• Corona also claimed she was owed unpaid overtime pay while Weiss claimed they paid her for the hours she submitted on her time sheets.

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If your company has employees driving either company owned or employee owned vehicles in the course of their duties depending on the circumstances your firm may be held liable for their negligence. Given the potential damages of a catastrophic accident it’s important that your company has sufficient insurance to cover this situation. Without proper insurance your company could be responsible for paying for your legal defense, settlement amount or damages awarded at a trial.

If you have employees driving their own vehicles for company purposes you need to review your coverage. If such a company related errand or delivery is done in a vehicle not owned by your company and an accident occurs your insurance may not cover it. Most business owners have a general liability policy. It’s a common myth this policy will cover anything and everything that could result from business related negligence but most of these policies do not cover car accidents.

There are several potential causes of action that could be filed against you.

  • The legal doctrine of ‘respondeat superior’ means that an employer can be held responsible for the negligent acts of an employee if he or she is acting within the scope of his or her employment. The reasoning is the employer is exercising some control over the employee while the employee is doing his or her job. This can include actions taken by an employee driving his or her own vehicle or one owned by the company.
  • Another legal doctrine impacting such a situation is that an employer has an obligation to defend legal claims against an employee who is acting within the scope of his or her job. If the employer fails to do so the employer can be sued by the employee to get a court order mandating the defense or to pay the employee’s legal bills.

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photo - warrantiesHow many times have your purchased some consumer good and in the box is a copy of the warranty in print so small it made you squint? Now thanks to a recent change in the law if a consumer good has a warranty a copy need not be provided in the packaging. It can now be posted online and the print can be enlarged as much as you want on the screen. If you make or market consumer goods this should cut your costs and eliminate another piece of paper to put in the box.

The E-Warranty Act of 2015 amends the Magnuson-Moss Warranty-Federal Trade Commission Improvement Act. The changes allow manufacturers and sellers the option posting written warranties online instead of on or with the consumer product as was required under the law. The Congressional intent of the law is to provide,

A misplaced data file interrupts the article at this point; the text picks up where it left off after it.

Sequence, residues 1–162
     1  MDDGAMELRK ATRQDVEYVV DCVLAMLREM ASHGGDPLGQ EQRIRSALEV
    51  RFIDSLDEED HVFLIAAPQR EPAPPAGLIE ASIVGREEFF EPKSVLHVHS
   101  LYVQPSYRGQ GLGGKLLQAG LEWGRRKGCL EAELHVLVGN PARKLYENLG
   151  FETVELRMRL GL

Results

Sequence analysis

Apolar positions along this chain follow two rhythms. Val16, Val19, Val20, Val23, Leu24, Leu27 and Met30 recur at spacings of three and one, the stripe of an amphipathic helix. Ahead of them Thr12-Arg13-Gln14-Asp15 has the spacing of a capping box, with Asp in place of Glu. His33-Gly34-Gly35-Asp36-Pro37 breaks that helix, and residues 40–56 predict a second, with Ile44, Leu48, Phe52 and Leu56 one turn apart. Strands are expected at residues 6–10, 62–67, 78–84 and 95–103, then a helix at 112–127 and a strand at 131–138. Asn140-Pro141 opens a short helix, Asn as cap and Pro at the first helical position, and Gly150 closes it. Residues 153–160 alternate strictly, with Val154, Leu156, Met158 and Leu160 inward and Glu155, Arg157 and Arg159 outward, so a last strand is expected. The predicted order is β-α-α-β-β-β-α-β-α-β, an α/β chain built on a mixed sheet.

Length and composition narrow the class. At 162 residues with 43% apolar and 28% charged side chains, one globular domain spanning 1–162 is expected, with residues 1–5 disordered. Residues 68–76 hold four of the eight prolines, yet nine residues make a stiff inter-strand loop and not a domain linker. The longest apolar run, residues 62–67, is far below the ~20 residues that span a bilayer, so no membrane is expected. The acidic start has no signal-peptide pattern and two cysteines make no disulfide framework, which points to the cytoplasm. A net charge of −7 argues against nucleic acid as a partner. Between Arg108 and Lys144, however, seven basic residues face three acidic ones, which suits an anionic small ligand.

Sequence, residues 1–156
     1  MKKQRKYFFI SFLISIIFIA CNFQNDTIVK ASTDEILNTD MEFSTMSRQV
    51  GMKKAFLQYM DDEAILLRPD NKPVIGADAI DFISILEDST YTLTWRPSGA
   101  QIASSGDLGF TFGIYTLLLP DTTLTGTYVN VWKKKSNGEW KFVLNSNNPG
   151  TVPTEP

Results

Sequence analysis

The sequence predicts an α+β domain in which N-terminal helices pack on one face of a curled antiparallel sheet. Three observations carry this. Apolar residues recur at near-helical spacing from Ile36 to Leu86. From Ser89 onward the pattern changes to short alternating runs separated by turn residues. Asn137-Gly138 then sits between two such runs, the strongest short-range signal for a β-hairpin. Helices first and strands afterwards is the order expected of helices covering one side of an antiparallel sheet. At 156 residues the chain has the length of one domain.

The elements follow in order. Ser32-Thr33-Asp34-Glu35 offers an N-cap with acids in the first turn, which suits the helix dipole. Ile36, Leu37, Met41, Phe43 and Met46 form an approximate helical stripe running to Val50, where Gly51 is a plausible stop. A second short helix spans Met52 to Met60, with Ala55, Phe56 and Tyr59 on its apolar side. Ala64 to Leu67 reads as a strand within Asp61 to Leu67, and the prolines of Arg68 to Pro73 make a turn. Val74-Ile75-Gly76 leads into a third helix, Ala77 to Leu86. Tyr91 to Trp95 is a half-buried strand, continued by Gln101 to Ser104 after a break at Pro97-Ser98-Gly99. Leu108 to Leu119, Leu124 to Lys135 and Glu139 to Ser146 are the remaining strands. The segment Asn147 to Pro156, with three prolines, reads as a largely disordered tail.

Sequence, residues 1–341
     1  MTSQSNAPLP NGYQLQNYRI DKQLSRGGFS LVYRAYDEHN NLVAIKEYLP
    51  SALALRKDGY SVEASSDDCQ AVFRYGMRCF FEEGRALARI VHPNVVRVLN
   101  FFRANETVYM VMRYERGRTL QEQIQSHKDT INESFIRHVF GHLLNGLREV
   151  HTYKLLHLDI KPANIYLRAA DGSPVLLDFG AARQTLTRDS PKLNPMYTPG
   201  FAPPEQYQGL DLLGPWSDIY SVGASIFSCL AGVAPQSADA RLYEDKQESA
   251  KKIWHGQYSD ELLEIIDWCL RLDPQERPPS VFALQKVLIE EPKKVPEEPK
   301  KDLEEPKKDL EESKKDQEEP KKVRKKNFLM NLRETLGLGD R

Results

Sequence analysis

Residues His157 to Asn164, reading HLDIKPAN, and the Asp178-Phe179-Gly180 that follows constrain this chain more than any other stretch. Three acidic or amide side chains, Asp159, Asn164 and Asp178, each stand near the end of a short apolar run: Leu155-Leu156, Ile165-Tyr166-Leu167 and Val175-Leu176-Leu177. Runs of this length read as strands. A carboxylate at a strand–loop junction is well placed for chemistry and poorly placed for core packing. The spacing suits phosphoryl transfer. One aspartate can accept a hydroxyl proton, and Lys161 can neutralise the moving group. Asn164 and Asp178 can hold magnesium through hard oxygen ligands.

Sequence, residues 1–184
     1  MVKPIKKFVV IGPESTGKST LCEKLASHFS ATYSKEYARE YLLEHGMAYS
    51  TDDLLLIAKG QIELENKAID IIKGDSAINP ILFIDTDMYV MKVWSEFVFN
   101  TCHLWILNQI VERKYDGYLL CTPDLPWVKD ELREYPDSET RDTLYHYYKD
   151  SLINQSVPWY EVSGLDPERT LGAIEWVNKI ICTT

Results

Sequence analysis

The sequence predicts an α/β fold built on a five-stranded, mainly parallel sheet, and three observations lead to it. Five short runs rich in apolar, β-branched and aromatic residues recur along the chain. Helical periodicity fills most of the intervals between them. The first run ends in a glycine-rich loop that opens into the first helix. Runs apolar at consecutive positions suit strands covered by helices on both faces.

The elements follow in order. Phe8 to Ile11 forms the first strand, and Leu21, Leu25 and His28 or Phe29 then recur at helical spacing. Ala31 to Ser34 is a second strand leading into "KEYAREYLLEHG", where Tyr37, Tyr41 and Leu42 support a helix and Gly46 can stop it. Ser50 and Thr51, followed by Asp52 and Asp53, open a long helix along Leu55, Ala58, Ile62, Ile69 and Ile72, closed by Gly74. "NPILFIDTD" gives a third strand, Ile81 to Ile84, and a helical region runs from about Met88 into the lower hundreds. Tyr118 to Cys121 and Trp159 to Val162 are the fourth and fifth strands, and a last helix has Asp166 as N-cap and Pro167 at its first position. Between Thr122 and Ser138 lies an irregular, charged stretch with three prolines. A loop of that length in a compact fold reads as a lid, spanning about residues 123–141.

• An environmentally-friendly means to give consumers access to product information, and
  • Flexibility in terms of complying with labeling and warranty requirements.

Supporters of the law see it as a way to bring warranty publishing laws into the digital age, increasing access to warranty information while reducing waste. Consumers need not keep track of papers they can see warranty terms on computers, tablets or smartphones.

Under the law written warranties aren’t required but if they are offered the Magnuson-Moss Warranty Act and its Federal Trade Commission (FTC) regulations require sellers and makers of products costing more than $15 at retail to,

  • Show the text of the warranty to consumers, and
  • Make the warranty available to potential buyers prior to the sale.

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photo - new franchise lawA new state franchise law goes into effect on January 1 which is much more favorable to franchisees. It makes it more costly for franchisors to pull out of agreements and gives franchisees more time to correct any alleged breach of a franchise agreement.

The new California Franchise Relations Act will cover any franchise agreement signed or renewed after January 1 as well as any franchise agreements that have an indefinite duration which may be terminated by the franchisee or franchisor without cause.